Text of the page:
Perelman School of Medicine at the University of Pennsylvania
Center for Resuscitation Science

Vinay M. Nadkarni

Vinay M. Nadkarni, M.D., M.S.

faculty photo
Associate Professor of Anesthesiology and Critical Care at the Hospital of the University of Pennsylvania and the Children's Hospital of Philadelphia
Department: Anesthesiology and Critical Care

Contact information
The Children's Hospital of Philadelphia
Department of Anesthesiology and Critical Care Medicine
Suite 8566, Office 8572, 8th Floor Main
Philadelphia, PA 19104
Office: 215-590-7430
Fax: 215-590-4327
Education:
B.A. (Zoology)
Duke University, 1979.
M.S. (Physiology)
Georgetown University, 1980.
M.D.
University of Maryland School of Medicine, 1984.
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Description of Research Expertise

Vinay Nadkarni MD is an Associate Professor of Anesthesia and Pediatrics at the University of Pennsylvania School of Medicine and the director of the pediatric critical care medicine fellowship training program at the Children's Hospital of Philadelphia. He works in a 45-bed tertiary PICU that admits approximately 2700 patients per year. He shares responsibility for patient care and teaching with 15 board certified pediatric intensive care physicians and 15 pediatric critical care fellows. Dr. Nadkarni completed a Masters degree in Physiology at Georgetown University, and his M.D. at the University of Maryland School of Medicine in Baltimore. He completed his pediatric residency, chief residency and critical care fellowship at Children’s National Medical Center in Washington, DC.

Dr Nadkarni has a local, regional, national and international interest in CPR, pediatric resuscitation, and resuscitation education. He has lectured nationally and internationally on resuscitation issues and training. He has been an invited visiting professor and lecturer at numerous academic centers including Adelaide, Beijing, Boston, Budapest, Buffalo, Christchurch, Cleveland, Cincinnati, Dallas, Melbourne, Philadelphia, Sao Paolo, Stavanger, Tokyo, Toronto, Venice and Washington DC. He has served as chairman of the American Heart Association (AHA) National Committee on Pediatric Resuscitation, and the AHA Emergency Cardiovascular Care Committee, a national editor for the Pediatric Advanced Life Support (PALS) training materials, and is currently a member of the AHA Science Advisory and Coordinating Committee. He serves as a member of the International Liaison Committee on Resuscitation (ILCOR) that has recently developed and published advisory statements on resuscitation guidelines for newborns, infants and children in Europe, North America, South America, Southern Africa, Australia, and New Zealand. He is a founding member of the Science Advisory Board of the AHA National Registry of CPR. He has co-chaired international consensus conferences to review and develop a strategy for international registries of CPR events. He was the Co-chair of the 2005 International Consensus Conference on Emergency Cardiovascular Care and Resuscitation Science, and helped to organize the AHA Resuscitation Science Symposia 2003-2006. He serves as President, Board of Directors, AHA Pennsylvania-Delaware Affiliate, and the national Chairman of the AHA’s International Committee. He is a board member of the Citizen CPR Foundation and the World Federation of Pediatric Intensive and Critical Care Societies. He is a Fellow of the American College of Critical Care Medicine, the American Academy of Pediatrics, and the AHA. He also serves on the AHA National Spokesperson Panel.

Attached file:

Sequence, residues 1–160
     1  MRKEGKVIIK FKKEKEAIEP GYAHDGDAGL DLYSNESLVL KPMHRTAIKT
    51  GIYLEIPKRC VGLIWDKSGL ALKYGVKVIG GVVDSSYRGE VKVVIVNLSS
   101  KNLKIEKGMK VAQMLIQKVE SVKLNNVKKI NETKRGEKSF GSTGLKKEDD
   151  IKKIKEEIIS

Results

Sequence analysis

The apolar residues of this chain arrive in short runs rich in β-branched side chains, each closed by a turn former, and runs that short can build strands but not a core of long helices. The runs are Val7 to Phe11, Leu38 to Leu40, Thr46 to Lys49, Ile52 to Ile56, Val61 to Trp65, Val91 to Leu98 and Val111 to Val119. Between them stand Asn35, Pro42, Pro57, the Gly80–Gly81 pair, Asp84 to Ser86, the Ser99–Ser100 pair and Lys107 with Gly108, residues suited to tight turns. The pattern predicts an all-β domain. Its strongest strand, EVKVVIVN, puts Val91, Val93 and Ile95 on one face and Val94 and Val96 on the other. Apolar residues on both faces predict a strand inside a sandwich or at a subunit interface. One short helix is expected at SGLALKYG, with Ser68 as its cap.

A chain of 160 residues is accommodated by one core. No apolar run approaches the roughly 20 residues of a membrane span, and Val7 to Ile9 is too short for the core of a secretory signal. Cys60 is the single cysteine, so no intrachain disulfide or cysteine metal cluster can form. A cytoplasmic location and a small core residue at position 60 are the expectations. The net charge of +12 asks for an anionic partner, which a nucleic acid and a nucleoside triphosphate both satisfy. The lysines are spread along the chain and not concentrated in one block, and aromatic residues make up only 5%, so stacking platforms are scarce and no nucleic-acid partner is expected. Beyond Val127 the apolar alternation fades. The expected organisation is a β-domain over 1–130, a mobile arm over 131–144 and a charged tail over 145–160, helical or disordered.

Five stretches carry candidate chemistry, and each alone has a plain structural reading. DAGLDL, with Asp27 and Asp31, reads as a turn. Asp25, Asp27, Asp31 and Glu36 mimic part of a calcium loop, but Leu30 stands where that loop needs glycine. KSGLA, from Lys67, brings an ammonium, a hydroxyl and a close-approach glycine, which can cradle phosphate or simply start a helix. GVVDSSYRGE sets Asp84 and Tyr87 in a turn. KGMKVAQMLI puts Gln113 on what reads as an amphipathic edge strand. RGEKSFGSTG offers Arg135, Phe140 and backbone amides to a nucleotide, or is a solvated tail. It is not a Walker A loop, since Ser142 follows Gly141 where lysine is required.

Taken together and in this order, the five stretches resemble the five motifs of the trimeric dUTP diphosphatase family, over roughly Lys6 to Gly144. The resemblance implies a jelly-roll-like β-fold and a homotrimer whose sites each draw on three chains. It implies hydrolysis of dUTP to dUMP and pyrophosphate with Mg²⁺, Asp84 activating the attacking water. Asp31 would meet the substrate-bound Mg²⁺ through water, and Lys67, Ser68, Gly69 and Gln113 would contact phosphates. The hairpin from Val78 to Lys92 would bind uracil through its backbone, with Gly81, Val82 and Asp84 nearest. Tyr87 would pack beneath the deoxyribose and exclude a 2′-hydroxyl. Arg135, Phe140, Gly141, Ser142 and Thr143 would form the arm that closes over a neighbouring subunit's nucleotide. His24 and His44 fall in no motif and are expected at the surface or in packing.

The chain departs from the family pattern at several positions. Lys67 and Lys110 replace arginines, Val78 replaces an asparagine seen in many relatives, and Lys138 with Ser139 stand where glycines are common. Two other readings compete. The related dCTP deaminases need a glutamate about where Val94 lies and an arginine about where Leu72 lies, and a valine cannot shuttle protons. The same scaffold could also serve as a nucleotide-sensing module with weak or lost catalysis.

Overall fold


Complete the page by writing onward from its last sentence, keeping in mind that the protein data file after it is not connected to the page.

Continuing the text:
Dr. Nadkarni balances his clinical and administrative time with investigations of CPR and critical care medicine in the laboratory and clinical outcomes settings. He is an investigator on three NIH research grants. He is a leader in simulation education development on the University of Pennsylvania campus, and has served as an educational consultant to develop infant and child high fidelity simulators. As a member of the Society for Critical Care Medicine for more than 10 years, he has delivered more than 50 presentations at the annual SCCM Education and Scientific Symposia, and received three major SCCM research awards: the 1990 National In-Training Award, the 1999 National Neuroscience Specialty Award, and the 2003 National Pediatric Specialty Award. He is the course director for the 2006 National SCCM Pediatric Critical Care Concepts Course. He has authored more than 60 peer-reviewed manuscripts and 25 book chapters related to the practice of pediatric critical care medicine.